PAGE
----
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Author Willie Eyo Writes On Int’l Day Of The African Child

Willie Eyo

On June 16 every year, governments, NGOs, international organisation and other stakeholders gather to discuss the challenges and opportunities facing the full realization of the rights of children in Africa.

By Willie Eyo

The international day of the African child is celebrated on the 16th of June every year since 1991 when it was initiated by the organisation of African unity ( OAU) now rebranded “AFRICAN UNION”.

The Theme for this year’s celebration is “Education for all children in Africa: the time is now.

The celebration aligns with the African Union’s year of education which focuses on building resilient education systems to ensure increase access to inclusive, life long quality and relevant learning in Africa.

Every child needs someone who’s on their side, someone who cares about what happens to them and work to ensure the highest good.

The idea behind the concept of the celebration is to recognise and honour the slain black heroes who met their untimely death in the hands of White minority Apartheid police bullets on the 16th of June 1976 in Soweto, South Africa.

The celebration is also significant as it is recognised throughout the world as an opportunity to reflect on progress toward health, education, equality, and protection for all the continent’s children.

It’s therefore not surprising to see the position African Union has taken vis- sa- vis this year’s celebration, which focuses on building a resilient education systems.

We salute the untiring role of this august body towards improving the educational standard in Africa.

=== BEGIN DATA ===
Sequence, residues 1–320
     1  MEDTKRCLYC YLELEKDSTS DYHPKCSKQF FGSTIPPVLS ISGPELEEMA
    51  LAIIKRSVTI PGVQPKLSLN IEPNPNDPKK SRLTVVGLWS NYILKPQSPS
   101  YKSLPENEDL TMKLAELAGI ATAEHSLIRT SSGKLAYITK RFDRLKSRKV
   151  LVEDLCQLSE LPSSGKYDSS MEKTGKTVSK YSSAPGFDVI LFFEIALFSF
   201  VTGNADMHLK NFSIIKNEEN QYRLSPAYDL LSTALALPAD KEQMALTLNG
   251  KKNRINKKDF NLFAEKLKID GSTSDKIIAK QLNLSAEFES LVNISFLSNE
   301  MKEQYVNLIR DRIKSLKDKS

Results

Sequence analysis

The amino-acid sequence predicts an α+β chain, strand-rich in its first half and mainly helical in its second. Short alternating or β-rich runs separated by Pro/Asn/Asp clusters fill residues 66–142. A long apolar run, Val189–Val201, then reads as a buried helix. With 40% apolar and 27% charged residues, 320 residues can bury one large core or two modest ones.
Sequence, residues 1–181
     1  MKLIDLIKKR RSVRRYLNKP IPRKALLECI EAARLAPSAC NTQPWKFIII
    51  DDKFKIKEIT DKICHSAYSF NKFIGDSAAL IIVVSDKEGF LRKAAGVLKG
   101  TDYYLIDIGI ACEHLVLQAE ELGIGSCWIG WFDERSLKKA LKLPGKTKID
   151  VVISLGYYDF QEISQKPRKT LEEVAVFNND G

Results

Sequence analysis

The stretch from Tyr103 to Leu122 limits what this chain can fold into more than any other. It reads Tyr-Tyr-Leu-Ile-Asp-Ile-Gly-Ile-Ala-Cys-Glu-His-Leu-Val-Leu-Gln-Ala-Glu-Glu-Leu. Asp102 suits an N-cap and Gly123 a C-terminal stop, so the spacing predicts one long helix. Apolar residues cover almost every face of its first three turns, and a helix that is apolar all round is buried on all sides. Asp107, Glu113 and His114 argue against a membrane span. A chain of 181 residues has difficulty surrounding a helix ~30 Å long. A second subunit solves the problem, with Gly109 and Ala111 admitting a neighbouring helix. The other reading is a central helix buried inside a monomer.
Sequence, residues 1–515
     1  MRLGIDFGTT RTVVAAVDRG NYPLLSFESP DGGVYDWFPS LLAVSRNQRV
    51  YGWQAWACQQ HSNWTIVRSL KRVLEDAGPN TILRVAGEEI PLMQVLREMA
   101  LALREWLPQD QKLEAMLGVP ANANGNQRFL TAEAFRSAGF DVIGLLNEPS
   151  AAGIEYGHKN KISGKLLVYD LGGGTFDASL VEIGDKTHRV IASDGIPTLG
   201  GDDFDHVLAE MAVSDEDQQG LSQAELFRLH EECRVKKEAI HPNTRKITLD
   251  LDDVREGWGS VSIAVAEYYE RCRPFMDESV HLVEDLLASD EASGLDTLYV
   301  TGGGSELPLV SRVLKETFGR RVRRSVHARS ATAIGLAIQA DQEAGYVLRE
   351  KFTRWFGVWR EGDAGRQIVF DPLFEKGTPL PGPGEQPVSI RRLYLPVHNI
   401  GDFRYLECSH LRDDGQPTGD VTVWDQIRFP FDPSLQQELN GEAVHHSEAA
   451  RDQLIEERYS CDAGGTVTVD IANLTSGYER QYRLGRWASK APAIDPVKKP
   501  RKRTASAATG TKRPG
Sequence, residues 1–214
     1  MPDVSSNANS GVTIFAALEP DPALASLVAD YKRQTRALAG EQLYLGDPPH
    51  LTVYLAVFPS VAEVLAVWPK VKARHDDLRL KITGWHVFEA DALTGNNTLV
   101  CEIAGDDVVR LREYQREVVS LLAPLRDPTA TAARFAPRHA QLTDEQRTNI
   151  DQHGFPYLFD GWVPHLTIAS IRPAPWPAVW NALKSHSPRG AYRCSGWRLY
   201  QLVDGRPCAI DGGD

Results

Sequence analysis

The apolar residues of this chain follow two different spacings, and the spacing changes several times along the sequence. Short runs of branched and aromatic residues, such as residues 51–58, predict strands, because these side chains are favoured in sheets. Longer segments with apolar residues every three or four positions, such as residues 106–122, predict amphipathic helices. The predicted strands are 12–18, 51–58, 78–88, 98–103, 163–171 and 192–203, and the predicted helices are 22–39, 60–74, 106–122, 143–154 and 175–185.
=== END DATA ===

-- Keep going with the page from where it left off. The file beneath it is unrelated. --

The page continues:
The then white minority regime of South Africa exhibited an unprecedented level of marginalisation against the black majority in every dimension of life.

The blacks were subjected to an all round class treatment the education sector not withstanding.

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The African child

In 1953, the Apartheid government enacted the Bantu education act, a development that led to the establishment of a black education department in the department of native affairs.

The role of this department was to compile a curriculum that suited the nature and requirements of the black people.

The author of the legislation, Dr Hendrick Verwoerd ( then minister Native affairs) later prime minister stated, “NATIVE (BLACKS) MUST BE TAUGHT FROM AN EARLY AGE THAT EQUALITY WITH EUROPEAN ( whites) IS NOT FOR THEM”

Black people were not entitled to receive an education that would lead them to aspire to positions they wouldn’t be allowed to hold in society.

Instead they were to receive education designed to provide them with skills to serve their own people in the home land or to work in labouring jobs under the whites.

The Bantu system of education relegated to the background the system of education the missionaries brought to Soweto.
The few children who had the opportunity to go to school were subjected to over crowded classrooms. One teacher was to oversee a classroom of over sixty children. The teachers themselves were half-baked. These and more were some of the glaring challenges an average South African black child was subjected to.

The 16th June 1976, recorded the event that is being celebrated today as the day of the African child.

The Soweto up rising was founded as African students could no longer tolerate the very oppressive conditions that they were subjected to by the whites minority rule.

At about 7am on the fateful day( 16th June 1976), thousands of African school students in Soweto gathered at a prearranged location, thus the birth of the Soweto uprising.